ECB Insight: Stournaras, Awake at Night Worrying About a Withdrawal of ECB Support

4 October, 2021

By David Barwick – FRANKFURT (Econostream) – European Central Bank Governing Council member Yannis Stournaras on Monday conceded the strength of the recovery in the euro area and in particular in his native Greece, all while vehemently urging monetary authorities to discount presently elevated inflation and maintain the current degree of accommodation.

For Stournaras, who heads the Bank of Greece, remarkably little seemed to have changed on the inflation front in recent months; with not so much as a word did he mention the upside risks that are preoccupying his colleagues, although he two weeks ago confessed with apparent reluctance that he’d ‘accepted’ the existence of those risks.

In Monday’s interview with Global Finance Magazine, Stournaras allowed that euro area growth was ‘expected to be strong in 2021 and 2022’, with GDP seen returning to pre-pandemic levels at the end of this year.

But if he saw upside risks to the Eurozone growth outlook, they seemed to have fallen by the same wayside as upside inflation risks. Instead, he complained of ‘a significantly uneven pace of recovery’ and willingly enumerated downside risks: ‘The epidemiological situation, geopolitical tensions possibly resulting in irregular migration inflows, the effects of climate change and private and public debt dynamics raise concerns and require continued vigilance.’

An apparent exception to the doom-and-gloom perspective was his own Greece, where ‘[a] milder-than-expected recession in the first quarter of 2021 and incoming data for the second quarter make us even more optimistic than before.’

And euro area inflation? ‘[L]argely transitory due to pandemic-related supply side bottlenecks and central banks should look through this temporary jump in inflation.’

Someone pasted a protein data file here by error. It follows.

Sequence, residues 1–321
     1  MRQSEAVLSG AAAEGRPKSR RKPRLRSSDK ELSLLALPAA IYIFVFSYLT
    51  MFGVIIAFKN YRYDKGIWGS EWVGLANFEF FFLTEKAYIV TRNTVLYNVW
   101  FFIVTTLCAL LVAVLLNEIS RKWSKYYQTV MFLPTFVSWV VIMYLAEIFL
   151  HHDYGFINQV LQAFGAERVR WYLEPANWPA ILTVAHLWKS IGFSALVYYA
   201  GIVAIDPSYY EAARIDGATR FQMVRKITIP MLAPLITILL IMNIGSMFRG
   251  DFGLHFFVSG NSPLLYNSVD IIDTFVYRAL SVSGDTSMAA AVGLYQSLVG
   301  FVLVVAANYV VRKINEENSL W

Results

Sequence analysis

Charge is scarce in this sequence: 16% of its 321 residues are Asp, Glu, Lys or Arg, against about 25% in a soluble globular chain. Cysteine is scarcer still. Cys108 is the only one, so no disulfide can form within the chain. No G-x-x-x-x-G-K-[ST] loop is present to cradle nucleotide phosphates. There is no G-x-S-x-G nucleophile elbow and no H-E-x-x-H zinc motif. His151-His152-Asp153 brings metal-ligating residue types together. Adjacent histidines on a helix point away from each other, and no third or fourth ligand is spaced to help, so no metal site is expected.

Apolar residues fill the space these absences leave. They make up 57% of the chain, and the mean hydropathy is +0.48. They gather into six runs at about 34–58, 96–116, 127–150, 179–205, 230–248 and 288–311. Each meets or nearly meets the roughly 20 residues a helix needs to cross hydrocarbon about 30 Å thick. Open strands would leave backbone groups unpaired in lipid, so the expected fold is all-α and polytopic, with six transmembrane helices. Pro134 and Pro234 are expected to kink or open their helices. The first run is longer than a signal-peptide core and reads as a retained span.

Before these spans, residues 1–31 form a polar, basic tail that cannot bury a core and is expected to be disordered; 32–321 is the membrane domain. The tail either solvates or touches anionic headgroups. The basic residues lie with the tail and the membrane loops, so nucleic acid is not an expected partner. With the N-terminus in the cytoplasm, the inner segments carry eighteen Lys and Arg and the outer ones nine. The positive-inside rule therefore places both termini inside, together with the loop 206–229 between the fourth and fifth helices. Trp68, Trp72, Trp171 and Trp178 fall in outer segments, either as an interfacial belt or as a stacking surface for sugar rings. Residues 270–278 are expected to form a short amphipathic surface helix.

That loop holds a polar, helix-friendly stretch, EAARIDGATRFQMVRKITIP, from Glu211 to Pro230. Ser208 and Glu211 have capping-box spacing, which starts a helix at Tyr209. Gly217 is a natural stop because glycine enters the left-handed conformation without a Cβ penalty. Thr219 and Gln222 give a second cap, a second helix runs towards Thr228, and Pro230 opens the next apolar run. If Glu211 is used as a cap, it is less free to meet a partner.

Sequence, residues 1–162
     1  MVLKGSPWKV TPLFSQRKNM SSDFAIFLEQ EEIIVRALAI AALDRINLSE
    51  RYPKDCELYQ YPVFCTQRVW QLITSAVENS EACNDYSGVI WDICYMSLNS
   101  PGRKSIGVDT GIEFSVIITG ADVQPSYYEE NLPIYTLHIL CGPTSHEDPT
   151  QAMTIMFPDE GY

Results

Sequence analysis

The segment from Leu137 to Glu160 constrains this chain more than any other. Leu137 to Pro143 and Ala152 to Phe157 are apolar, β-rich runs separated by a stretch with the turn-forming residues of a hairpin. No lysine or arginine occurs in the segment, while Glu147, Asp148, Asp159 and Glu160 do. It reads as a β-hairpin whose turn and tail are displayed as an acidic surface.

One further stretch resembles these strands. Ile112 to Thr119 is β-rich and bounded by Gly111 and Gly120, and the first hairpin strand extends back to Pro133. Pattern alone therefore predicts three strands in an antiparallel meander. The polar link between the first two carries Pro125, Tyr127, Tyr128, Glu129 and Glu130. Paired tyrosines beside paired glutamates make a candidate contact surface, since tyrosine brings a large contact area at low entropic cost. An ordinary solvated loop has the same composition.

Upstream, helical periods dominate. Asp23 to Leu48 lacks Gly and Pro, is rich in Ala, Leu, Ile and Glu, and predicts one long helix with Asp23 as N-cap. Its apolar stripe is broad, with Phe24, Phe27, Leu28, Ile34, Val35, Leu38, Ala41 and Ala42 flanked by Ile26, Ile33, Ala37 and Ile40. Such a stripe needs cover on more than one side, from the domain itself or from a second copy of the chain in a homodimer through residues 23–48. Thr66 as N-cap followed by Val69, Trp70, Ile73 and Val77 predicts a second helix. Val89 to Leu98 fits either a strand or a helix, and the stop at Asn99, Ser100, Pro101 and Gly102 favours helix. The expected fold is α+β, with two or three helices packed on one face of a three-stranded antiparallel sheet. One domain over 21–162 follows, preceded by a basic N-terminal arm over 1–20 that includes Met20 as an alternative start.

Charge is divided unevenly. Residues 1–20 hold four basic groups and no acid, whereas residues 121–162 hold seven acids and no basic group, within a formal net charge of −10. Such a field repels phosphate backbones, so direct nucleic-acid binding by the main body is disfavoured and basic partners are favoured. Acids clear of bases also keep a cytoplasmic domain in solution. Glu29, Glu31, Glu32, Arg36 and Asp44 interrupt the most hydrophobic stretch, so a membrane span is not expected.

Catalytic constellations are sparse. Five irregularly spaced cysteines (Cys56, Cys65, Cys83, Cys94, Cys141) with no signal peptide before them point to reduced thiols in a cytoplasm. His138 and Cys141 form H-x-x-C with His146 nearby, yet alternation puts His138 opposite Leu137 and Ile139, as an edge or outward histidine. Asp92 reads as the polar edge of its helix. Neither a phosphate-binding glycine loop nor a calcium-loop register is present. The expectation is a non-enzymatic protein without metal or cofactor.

The governor of the Greek central bank made no secret of his policy prescription:

  • ‘central banks should look through this temporary jump in inflation.
  • ‘our stance at the ECB is still appropriate.’
  • ‘patience is needed to avoid premature policy adjustments.’
  • ‘a persistently accommodative monetary policy stance is necessary’
  • ‘In fact … we have made explicit that our commitment to avoid a premature tightening may imply temporary periods of above target inflation.’
  • ‘Once the economy shifts to a solid recovery and there are definite signs of a rise in inflation to its target on a durable basis, then we should proceed at a gradual adjustment, applying flexibly the tools at our disposal.’

Anyone wondering what could motivate Stournaras to ignore widely accepted upside inflation risks, highlight exclusively downside risks to growth and tenaciously resist any reduction in monetary accommodation need look no further than the same interview, and in particular his telling answer to the question of what keeps him awake at night:

‘…the steep rise in the public debt ratio makes the economy vulnerable to new negative external shocks’, he said. ‘Temporary measures should be extended if needed to avoid cliff-edge effects but there is no room for a relaxation of the longer-term primary surplus targets, so that the financing needs for the coming decade remain manageable.’

What ‘new negative external shocks’ might he be thinking of? It seems reasonable to assume that a reduction in monetary support is somewhere near the top of his list. That is, he fears the potential consequences for Greece when the ECB starts, finally, to take the natural next steps in reaction to all the developments he – logically – would prefer to minimise.